Open Startup: Askablogr’s 1-Year Birthday

Longtime readers will remember Askablogr, a blog Q&A widget I created with my friend Craig as an experiment in late 2007. I just realized that Wednesday was the product’s 1-year birthday, so here’s a brief update for anyone who’s been wondering what happened since I stopped paying attention.

Members: 701
Questions: 1,220
PageRank: 4
Alexa Rank: 785,941
Visits: 12,382
Page Views: 37,914
Average Time On Site: 2:17
AdSense Revenue: $22.19

Long story short, despite some early wins the idea never generated enough organic momentum to sustain itself. As I got busier with Founders Co-op, my attention shifted and the product and community stagnated.

Here are a few lessons learned (or reinforced) from the experience:

  • Distribution is King: This is a recurring theme on this blog so it won’t come as a suprise to anyone. The Web is so vast that no offering stands a chance unless it comes with a unique insight about how to cost-effectively attract customers. Our best wins in this area were on the PR front, but PR isn’t a sustainable strategy for customer acquisition. The bet was that, as bloggers and blog readers encountered Askablogr in the wild, some would adopt the feature themselves, slowly building organic momentum around the offering. But the idea wasn’t good enough to garner a sufficient base of installs to sustain organic growth, and the weak economic fundamentals of the product forestalled an aggressive paid distribution strategy.
  • Constant Innovation is Table Stakes: At Founders Co-op, we don’t invest in companies where at least one of the founders (and preferably all of them) is a strong a versatile software engineer. But Craig built Askablogr as a side-project and both of us treated it more like an interesting experiment rather than a core activity. As a result, we were slow to turn around members’ feature requests and – as soon as we got busy – stopped making anything but critical updates. I’m not sure that the idea had enough merit to become a success, but our lack of responsiveness to customer feedback almost guaranteed the lackluster results.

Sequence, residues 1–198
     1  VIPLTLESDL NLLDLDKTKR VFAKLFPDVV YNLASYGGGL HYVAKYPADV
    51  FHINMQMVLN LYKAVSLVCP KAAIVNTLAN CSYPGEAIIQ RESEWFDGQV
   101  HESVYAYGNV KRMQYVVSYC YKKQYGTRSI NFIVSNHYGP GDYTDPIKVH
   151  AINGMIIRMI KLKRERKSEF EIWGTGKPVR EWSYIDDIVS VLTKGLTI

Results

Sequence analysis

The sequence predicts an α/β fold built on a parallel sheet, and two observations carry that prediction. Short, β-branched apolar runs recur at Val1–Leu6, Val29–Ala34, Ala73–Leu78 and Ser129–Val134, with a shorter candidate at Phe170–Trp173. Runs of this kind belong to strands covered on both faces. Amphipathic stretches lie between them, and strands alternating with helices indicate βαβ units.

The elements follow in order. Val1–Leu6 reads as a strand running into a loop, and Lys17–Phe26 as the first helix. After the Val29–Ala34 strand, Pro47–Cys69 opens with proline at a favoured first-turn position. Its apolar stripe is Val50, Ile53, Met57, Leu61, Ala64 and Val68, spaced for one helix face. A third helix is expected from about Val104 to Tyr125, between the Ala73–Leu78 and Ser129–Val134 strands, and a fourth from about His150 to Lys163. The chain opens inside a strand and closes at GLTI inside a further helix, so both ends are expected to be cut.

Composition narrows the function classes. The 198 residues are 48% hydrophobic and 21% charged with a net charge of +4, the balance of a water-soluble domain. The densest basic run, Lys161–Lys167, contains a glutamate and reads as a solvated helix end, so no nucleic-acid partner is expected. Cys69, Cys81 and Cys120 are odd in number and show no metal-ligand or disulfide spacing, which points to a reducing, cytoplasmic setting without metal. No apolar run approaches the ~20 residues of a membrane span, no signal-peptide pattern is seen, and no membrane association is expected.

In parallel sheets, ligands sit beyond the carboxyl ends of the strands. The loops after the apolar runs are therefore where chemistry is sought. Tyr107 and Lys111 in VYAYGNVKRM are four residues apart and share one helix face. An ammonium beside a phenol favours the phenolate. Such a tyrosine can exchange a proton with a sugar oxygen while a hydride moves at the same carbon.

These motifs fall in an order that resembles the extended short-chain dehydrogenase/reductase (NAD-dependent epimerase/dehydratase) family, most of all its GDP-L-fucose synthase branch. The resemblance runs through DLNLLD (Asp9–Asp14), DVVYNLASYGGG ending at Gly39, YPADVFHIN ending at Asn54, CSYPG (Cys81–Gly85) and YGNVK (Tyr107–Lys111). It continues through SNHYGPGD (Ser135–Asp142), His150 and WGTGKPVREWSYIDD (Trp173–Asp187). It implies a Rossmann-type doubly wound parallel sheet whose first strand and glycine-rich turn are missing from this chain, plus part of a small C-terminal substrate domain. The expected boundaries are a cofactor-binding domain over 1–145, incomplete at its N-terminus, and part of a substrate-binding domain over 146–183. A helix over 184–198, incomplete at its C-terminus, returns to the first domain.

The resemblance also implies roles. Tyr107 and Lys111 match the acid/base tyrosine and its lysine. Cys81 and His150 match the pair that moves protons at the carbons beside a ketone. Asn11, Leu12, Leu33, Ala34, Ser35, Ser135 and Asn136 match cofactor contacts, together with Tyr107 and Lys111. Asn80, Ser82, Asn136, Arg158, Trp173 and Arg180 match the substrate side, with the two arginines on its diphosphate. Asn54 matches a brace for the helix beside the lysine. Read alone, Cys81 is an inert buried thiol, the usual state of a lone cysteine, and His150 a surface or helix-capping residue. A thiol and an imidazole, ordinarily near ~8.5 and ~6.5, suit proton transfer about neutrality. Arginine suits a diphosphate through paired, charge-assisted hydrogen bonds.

• Starting a Web Software Company is Staggeringly Cheap and Fast: Results aside, we built Askablogr in very little time and (despite paying Craig for some of his hours) comparatively little cost. The biggest investment required to start a Web company is the opportunity cost of the founders’ time. This is the precious resource that we bet on and work to leverage with our Founders Co-op investments, applying our capital and time to accelerate the raw power of our founding teams’ brains and enthusiasm. In this context, team and opportunity selection are the critical steps, because a good team can progress very quickly from idea to product, and choosing the right idea conserves their time and energy by focusing it on the right activities.

At this point I’m not sure what to do with Askablogr. I still think it’s a useful and well-executed feature for certain kinds of bloggers, but I’m not giving it the love it needs even to support that niche purpose. If you know of a Rails developer who’s looking for a project and wants to take it over, send them my way